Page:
This is a sensible point, and I'm curious if knowledgeable people are able to address it. Has anybody running 8.0 abruptly had the car shut down, without first getting that "very low" warning on the dash?
 

TexasEV

Well-Known Member
Jun 5, 2013
7,650
8,911
Austin, TX
This is irresponsible to post such a claim as meaning anything more than what happened to you once. There are numerous reports of people being stranded because they thought they could go past 0, and even a few reports of cars stopping with rated miles in the single digits, when it's very cold. The rated miles display is an estimate. Sometimes there may be a few more, sometimes a few less. DO NOT DEPEND ON DRIVING PAST 0 OR YOU MAY GET STUCK.
 

Firelake

Member
Nov 25, 2015
11
6
Denmark
This is irresponsible to post such a claim as meaning anything more than what happened to you once. There are numerous reports of people being stranded because they thought they could go past 0, and even a few reports of cars stopping with rated miles in the single digits, when it's very cold. The rated miles display is an estimate. Sometimes there may be a few more, sometimes a few less. DO NOT DEPEND ON DRIVING PAST 0 OR YOU MAY GET STUCK.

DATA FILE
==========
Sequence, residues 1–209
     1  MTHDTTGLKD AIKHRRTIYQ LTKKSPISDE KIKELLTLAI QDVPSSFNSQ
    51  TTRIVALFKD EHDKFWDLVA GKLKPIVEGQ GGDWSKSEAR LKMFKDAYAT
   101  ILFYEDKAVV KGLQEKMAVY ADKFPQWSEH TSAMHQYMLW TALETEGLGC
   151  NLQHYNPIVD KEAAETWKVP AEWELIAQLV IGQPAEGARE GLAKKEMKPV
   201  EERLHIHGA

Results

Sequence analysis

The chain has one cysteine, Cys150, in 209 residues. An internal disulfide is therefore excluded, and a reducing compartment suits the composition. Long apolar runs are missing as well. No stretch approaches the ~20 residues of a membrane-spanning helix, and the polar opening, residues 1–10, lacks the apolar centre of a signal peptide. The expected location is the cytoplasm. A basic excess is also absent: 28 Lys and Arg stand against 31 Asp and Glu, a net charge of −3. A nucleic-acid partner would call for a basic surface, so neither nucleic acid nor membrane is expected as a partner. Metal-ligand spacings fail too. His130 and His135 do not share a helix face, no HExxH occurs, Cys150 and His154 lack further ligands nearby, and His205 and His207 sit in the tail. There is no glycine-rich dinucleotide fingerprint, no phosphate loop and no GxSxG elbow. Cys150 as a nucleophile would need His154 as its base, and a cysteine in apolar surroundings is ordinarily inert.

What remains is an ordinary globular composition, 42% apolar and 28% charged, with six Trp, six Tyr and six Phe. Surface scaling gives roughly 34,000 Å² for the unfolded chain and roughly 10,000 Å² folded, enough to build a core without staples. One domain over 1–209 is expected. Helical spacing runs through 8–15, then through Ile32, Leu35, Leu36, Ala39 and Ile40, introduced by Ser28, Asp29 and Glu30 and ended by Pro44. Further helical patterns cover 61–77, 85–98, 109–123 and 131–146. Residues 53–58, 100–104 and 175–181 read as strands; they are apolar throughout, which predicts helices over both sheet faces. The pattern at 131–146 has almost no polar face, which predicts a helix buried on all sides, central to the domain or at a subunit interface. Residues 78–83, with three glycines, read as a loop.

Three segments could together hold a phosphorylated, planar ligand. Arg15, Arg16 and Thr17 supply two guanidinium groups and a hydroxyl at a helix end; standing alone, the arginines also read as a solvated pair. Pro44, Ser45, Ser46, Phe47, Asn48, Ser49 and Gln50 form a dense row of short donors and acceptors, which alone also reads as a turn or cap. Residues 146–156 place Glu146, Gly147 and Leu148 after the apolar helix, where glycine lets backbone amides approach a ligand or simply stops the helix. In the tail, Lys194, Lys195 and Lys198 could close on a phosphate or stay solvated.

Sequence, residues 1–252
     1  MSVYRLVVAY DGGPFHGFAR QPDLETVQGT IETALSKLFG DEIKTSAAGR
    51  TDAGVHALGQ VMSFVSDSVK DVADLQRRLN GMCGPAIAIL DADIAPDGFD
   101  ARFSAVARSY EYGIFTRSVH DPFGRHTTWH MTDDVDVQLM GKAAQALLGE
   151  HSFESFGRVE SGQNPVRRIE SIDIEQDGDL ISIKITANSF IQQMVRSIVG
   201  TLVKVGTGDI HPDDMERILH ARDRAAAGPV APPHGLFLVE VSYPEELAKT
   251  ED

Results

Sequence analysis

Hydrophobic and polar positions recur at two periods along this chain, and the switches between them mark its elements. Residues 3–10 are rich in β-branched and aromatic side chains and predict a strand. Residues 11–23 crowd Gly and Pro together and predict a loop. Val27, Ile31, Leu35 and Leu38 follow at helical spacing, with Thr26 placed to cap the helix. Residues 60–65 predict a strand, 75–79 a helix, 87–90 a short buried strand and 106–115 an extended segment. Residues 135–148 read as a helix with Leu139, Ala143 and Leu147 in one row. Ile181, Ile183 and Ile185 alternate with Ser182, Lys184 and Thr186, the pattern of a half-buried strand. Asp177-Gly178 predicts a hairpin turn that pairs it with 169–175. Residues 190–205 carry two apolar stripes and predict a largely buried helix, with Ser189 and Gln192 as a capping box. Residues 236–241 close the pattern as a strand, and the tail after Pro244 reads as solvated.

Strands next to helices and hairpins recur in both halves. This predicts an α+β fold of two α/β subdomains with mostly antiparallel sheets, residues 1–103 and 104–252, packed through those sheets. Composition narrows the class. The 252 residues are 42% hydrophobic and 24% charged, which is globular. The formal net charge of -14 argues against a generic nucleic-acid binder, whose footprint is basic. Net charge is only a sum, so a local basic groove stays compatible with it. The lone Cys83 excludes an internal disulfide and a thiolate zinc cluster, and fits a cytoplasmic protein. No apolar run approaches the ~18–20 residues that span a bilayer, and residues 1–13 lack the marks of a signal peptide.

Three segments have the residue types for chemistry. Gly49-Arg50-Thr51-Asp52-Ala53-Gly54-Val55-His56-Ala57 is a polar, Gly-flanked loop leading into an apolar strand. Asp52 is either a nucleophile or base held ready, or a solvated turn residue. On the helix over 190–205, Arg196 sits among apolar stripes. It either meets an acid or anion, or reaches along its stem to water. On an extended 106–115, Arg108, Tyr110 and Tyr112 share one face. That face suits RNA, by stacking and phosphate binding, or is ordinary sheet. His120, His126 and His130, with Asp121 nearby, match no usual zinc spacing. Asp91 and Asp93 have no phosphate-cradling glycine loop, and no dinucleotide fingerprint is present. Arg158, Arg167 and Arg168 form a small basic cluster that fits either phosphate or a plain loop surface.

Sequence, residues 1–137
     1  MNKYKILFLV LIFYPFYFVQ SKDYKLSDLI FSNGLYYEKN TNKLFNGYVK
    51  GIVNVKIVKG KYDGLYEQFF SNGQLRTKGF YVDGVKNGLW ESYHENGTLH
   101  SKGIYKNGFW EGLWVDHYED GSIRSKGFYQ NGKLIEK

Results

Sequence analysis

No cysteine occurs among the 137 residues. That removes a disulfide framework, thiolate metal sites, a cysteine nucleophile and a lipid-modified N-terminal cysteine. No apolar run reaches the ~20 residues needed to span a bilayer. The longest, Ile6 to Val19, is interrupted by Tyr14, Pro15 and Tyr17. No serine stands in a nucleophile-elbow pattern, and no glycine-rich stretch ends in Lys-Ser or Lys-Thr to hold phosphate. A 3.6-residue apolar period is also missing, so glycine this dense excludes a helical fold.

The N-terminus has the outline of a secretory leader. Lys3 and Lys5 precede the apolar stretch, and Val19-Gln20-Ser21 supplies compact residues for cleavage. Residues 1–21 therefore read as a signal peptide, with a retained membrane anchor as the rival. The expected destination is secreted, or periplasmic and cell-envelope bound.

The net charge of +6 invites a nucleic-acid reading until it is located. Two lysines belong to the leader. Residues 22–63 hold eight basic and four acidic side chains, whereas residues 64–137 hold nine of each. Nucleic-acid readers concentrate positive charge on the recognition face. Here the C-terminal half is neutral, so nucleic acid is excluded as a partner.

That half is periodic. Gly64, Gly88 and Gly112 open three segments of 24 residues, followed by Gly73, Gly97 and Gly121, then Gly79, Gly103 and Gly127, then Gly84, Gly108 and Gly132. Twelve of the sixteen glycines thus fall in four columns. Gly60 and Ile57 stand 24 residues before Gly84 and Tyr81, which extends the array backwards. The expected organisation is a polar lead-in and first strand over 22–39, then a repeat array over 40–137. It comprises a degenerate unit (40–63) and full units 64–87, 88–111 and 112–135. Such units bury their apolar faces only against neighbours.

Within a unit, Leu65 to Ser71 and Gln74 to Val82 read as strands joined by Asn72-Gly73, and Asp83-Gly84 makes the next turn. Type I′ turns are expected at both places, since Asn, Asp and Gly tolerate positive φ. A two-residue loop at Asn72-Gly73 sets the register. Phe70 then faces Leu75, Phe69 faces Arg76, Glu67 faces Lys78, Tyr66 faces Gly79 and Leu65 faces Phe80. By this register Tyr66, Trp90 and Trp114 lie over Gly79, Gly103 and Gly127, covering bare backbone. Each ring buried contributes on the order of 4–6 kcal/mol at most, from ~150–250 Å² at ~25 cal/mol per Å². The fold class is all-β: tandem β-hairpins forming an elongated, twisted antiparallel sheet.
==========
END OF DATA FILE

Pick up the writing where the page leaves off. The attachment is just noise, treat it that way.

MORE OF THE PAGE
Irresponsible? Did I risk my life or anybody else? Look at my other replies - the warnings and behaviour should be expected to some degree on all cars with similar software configuration.
 

Firelake

Member
Nov 25, 2015
11
6
Denmark
This is irresponsible to post such a claim as meaning anything more than what happened to you once. There are numerous reports of people being stranded because they thought they could go past 0, and even a few reports of cars stopping with rated miles in the single digits, when it's very cold. The rated miles display is an estimate. Sometimes there may be a few more, sometimes a few less. DO NOT DEPEND ON DRIVING PAST 0 OR YOU MAY GET STUCK.
Thanks for the comment but look at my other replies.